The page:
Theresa May’s minority government was propped up by a confidence and supply arrangement with the DUP. An early change of administration, and a new attitude to Europe, was not just a remote possibility but an overwhelming likelihood.

May’s agreement included practically every feature of the protocol that the DUP later opposed, but as an imminent threat rather than an immediate prospect. The idea that the party should have supported it because something swifter and more drastic might follow is a staggeringly un-self-conscious example of being wise in retrospect.

While it opposed the backstop, the DUP eventually endorsed Boris Johnson’s cynical suggestion that it was okay to have a regulatory border in the Irish Sea, so long as customs checks weren’t required. And, even after that slippery PM agreed to a customs border too, Sir Jeffrey told the BBC that it might represent an opportunity for businesses in Northern Ireland and dismissed the idea that it carried constitutional implications.  

The party’s weak response to the protocol was a prominent factor in the coup that unseated its former leader, Arlene Foster. Only after her departure, and some historically poor opinion poll results, did the DUP stiffen its strategy under Donaldson, when Paul Givan resigned as first minister and effectively collapsed Stormont.

Sir Jeffrey now wants to claim that this gambit produced results, first by persuading the government to re-open the protocol and negotiate the Windsor Framework with the EU; then by forcing Rishi Sunal to make concessions and a new offer, last night apparently accepted by the DUP.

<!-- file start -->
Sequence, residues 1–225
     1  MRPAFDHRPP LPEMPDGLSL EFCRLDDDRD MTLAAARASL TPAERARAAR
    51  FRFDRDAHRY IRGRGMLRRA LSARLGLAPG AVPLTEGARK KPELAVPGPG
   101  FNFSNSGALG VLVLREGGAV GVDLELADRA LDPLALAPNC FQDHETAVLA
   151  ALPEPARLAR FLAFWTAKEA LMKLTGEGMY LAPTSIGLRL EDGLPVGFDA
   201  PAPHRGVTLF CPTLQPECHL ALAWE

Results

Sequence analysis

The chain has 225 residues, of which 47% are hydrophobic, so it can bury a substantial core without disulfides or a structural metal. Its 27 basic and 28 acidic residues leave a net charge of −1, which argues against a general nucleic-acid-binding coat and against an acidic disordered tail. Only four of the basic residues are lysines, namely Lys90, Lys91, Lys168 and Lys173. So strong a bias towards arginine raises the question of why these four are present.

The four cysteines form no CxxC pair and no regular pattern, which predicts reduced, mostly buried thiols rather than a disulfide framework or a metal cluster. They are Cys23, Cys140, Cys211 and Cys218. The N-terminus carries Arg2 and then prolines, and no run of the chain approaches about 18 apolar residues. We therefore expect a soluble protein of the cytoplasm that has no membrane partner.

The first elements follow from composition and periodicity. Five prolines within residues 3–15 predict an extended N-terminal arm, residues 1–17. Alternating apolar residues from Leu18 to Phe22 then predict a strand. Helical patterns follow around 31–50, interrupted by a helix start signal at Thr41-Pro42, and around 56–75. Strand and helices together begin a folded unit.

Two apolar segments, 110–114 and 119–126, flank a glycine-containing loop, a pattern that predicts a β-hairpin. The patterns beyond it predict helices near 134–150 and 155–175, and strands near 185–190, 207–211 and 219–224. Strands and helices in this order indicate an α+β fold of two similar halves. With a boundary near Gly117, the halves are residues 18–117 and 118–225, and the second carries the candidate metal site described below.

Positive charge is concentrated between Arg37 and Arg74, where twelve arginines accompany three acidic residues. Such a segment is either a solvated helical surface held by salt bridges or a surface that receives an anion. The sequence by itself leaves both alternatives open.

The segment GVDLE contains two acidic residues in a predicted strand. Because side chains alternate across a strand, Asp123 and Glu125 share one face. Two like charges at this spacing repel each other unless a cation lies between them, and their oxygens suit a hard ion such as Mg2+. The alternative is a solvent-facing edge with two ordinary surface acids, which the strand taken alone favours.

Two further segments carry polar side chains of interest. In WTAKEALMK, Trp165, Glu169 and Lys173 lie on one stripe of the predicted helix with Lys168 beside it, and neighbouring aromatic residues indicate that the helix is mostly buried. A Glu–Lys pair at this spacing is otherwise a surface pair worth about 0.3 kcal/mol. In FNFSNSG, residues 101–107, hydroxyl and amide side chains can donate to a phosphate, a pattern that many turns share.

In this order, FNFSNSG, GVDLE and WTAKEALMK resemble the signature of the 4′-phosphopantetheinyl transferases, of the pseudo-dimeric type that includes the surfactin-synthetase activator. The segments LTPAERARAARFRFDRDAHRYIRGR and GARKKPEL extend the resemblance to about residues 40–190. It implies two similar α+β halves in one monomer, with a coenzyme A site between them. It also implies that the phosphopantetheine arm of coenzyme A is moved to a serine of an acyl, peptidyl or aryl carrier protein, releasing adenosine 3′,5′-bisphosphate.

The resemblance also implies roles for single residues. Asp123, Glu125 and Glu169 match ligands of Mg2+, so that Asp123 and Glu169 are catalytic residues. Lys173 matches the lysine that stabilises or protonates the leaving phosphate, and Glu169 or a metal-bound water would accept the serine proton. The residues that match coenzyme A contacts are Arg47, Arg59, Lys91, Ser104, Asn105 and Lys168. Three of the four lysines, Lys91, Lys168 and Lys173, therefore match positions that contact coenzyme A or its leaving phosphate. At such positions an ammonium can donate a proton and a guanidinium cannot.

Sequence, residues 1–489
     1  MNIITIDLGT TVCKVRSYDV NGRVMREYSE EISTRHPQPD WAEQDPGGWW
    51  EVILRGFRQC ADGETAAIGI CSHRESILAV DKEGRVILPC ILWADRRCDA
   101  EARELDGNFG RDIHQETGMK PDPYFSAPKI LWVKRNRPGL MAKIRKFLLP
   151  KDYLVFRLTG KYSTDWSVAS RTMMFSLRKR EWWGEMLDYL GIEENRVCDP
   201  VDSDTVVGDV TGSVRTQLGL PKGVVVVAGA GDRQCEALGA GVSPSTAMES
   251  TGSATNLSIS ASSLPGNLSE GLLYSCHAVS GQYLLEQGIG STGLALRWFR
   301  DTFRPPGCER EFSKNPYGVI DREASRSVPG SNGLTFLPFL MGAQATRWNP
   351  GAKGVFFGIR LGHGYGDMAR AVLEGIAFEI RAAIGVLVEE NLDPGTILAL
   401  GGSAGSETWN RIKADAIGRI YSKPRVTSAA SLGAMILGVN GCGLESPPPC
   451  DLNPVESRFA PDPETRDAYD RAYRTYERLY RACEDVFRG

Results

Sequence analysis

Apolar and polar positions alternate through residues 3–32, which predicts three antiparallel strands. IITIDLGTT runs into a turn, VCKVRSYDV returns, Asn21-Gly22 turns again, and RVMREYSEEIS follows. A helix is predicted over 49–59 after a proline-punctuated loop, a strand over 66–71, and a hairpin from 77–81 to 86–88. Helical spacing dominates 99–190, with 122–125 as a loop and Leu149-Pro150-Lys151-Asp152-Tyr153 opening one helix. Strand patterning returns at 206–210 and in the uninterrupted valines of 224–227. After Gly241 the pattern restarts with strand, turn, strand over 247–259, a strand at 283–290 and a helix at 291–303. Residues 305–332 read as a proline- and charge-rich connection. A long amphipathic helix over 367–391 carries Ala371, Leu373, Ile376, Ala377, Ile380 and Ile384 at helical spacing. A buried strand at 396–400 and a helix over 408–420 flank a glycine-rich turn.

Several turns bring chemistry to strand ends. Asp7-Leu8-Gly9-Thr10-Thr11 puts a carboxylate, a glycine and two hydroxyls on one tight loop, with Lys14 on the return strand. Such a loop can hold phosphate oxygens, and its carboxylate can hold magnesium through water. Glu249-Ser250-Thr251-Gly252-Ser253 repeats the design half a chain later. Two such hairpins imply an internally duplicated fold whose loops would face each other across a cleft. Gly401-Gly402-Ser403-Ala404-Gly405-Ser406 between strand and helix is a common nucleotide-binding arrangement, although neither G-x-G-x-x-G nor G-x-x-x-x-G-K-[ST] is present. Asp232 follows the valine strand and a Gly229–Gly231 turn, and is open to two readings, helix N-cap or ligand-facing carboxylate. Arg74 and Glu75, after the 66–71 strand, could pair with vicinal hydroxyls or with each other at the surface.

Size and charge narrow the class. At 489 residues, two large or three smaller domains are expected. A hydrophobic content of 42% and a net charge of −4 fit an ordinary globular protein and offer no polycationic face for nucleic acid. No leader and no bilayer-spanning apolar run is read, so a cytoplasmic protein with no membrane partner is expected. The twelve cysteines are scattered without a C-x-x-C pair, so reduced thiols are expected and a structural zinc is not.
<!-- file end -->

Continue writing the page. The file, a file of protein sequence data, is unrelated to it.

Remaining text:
In reality, the framework entrenched rather than removed the Irish Sea border. An influential House of Lords’ report last year confirmed that, in many regards, it had made the situation worse, by abolishing grace periods that had to that point kept groceries, parcels and medicines flowing into Northern Ireland.

The government’s latest deal, too, seems to be a nothing sandwich, unless the legislation contains much more than we expect. 

Extra money will pour into the gaping abyss that is Stormont’s finances, the “green lane” that allows some goods to move from GB with less friction will be tweaked and Sunak has pledged to “screen” UK legislation so that it doesn’t make matters even worse, by creating new legal differences between Northern Ireland and GB.

That, at least, might seem like a meaningful undertaking, except that it is the relentlessness of EU law that drives most divergence between British rules and those in the single market (which NI is forced to follow). If this offer was meaningful, it would include some form of dynamic alignment that ties the whole UK to Brussels’ laws now and in the future. 

A promise of that type would surely be Sunak’s quickest route out of the Conservative leadership. Many of his Tory colleagues would view it as a betrayal of Brexit and one that did not, in any case, make the sea border disappear.

So, a deal with the DUP is in the offing and the hopelessly ineffectual power-sharing government at Stormont will probably be coming back. The protocol and the framework, though, will remain an everlasting stain on this government’s reputation and a reminder that it abrogated its responsibility to govern all its national territory.